On war, civil liberties: It’s always amazing to me how leftists and/or liberals are so quick to assume themselves the guardians of peace. As any good leftist would (rightly) argue, american liberals have just as awful a record in supporting war and clamping down on civil liberties as american conservatives (including our most recent fiasco, I might add). And as any good liberal would (rightly) argue, leftists have just as awful a record in going to war, clamping down on civil liberties (more awful?) than american liberals and conservatives combined. Of course, we don’t have any examples of leftists taking America to war, simply because we’ve never had an actual leftist in power, but leftists seem alright with violence, war, civil liberties crackdowns, etc., elsewhere, as long as such things are being done in the name of anti-imperialism, marxism, socialism. IN SUM, war, civil liberties deficits seems to be much more a problem of the modern nation-state, perse, than any one faction within it. If/when the left gets its way, and America willingly retreats from the world, or unwillingly disintegrates (neither of which, by the way, I automatically presume to be a net loss, although I don’t immediately presume such things to be a net gain either), they’ll still be plenty of war. For instance, I look forward to watching Sweden, et al. go to war once they lose their ability to export national defense concerns to Pax Americana.

81

P O'Neill 01.21.08 at 4:25 am

Soon the think tanks will be providing the newspapers with all of their editorialist, FREE!!

Consistent with the observation that the one bit of the Wall Street Journal that they always gave away was a few choice cuts from the opinion page, and now they’ve made the whole thing free.

82

functional 01.21.08 at 5:22 am

(my answer was emphatically yes: when the dude stops pretending to do research perhaps I’ll start pretending to take him seriously; then again, given his past form, my limited time resources etc, perhaps not).

This is bad pool. Academics are constantly circulating drafts of papers or books, the WHOLE POINT of which is to elicit comments from people who may have read things that you haven’t read. This is even more resoundingly true of any academic who takes on the gargantuan task of writing a broad intellectual history of a 100-plus-year period — given that there are literally tens of thousands of books and articles that might be relevant to any of the numerous topics you would discuss in such a book, it would be complete academic malpractice NOT to seek a bit of guidance from more specialized experts. That’s all Goldberg was doing in the linked comment.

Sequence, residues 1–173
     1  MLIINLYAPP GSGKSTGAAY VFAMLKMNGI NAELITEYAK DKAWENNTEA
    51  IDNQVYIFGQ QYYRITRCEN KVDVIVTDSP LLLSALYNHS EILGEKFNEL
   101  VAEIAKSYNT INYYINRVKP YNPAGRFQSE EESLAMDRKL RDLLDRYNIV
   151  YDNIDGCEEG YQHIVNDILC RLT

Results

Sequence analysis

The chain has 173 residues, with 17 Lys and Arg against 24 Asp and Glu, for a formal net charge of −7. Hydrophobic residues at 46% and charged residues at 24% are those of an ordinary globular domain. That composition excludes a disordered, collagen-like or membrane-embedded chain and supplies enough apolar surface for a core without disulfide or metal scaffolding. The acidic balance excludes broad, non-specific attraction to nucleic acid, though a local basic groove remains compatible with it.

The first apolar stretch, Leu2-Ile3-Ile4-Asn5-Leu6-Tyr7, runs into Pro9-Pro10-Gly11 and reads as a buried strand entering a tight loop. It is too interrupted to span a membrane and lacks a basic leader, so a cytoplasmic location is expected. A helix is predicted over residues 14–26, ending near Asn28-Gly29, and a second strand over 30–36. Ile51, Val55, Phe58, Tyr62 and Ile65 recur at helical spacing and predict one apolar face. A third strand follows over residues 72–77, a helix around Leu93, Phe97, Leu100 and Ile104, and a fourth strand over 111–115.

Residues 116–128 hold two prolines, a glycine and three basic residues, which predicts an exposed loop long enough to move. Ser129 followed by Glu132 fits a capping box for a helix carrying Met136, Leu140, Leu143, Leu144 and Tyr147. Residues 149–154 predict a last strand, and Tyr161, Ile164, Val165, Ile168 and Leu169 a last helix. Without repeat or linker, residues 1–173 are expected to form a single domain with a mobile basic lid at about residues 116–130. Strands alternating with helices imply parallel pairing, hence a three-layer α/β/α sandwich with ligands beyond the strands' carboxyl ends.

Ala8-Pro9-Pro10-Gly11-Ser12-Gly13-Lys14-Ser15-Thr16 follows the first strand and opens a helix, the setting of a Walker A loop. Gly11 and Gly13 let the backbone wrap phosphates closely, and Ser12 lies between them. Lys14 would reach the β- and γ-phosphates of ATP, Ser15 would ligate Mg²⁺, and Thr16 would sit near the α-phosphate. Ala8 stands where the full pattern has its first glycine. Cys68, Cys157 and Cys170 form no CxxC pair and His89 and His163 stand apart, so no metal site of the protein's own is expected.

83

Marc 01.21.08 at 6:45 am

Z, you’re talking about a book where the author skips over every single republican president when looking for examples of authoritarianism – while reaching desperately for parallels in every democratic president. Passage after passage in excerpts look like middle school history essays. And we’re supposed to take it seriously? This is a book with working titles linking Mussolini, Hillary Clinton, and Whole Foods. I’m surprised he left out Mr. Rogers and Big Bird. The entire exercise amounts to “cats have tails, dogs have tails, thus cats are dogs.”

It does, however, provide a virtually endless source of entertainment. In the “Plan 9 from Outer Space” sense.

84

dswift 01.21.08 at 7:50 am

Many fine nutshellizings of Goldberg’s ultimate intentions and techniques.

Forgive me if it’s been mentioned — I made it through about half the comments — but here’s what Goldberg is: a standard-issue college Republican who never grew up intellectually and who brilliantly mixes his gifts of gab and narcissism.

His is the sort of narcissism that’s required in order to keep the right-wing movement in power. Narcissists get to do neat stuff we can never do, like drawing conclusions then cherry-picking (and misrepresenting) the evidence to fit.

Goldberg is a propagandist. He considers himself quite the insouciante. He’s “likable” — TV-mass ready fodder who appeals to the hard-of-thinking. He seems likable enough, in fact, so it saddens me that when the Bush-Cheney-Romney era is finally written up, poor Jonah will be a footnote in Chapter 22: Banality of Evil Redux.

85

Zinaida 01.21.08 at 7:56 am

Marc,
First off, the thrust of what I’m getting at here is that even if Jonah’s book itself is a load of crap, many of the scholarly arguments and ideas he’s popularizing are both serious and serve as useful correctives to the public discourse on Fascism and contemporary American politics at large. Secondly, I don’t agree with your characterization of the book. Sure, it’s partisan as all hell, and Jonah fails to really acknowledge how much the American right has come to accept, even exploit, the progressives’ gift of a corporatist political economy (his “tempting of conservatism” chapter notwithstanding). But, despite what SadlyNo, et al. would have you believe, Jonah’s book does not follow the obvious strawman logic that says: A involved B, C also involved B, therefore A = C. Rather, for anyone who gives the book an honest reading will admit, all the talk about organic foods, the war on cancer and smoking, vegetarianism, animal rights, anti-department store campaign, etc. is simply there to argue Fascism out of its popularly-understood “genocidal racism/nationalism and nothing much else” box. He’s making the point, one that Sheri Berman and a host of consensus historians of Fascism have already made (but the public at large has failed to absorb), that Fascism was, at its conception, a well-intentioned, socially-conscious mass reaction to modernity’s discontents.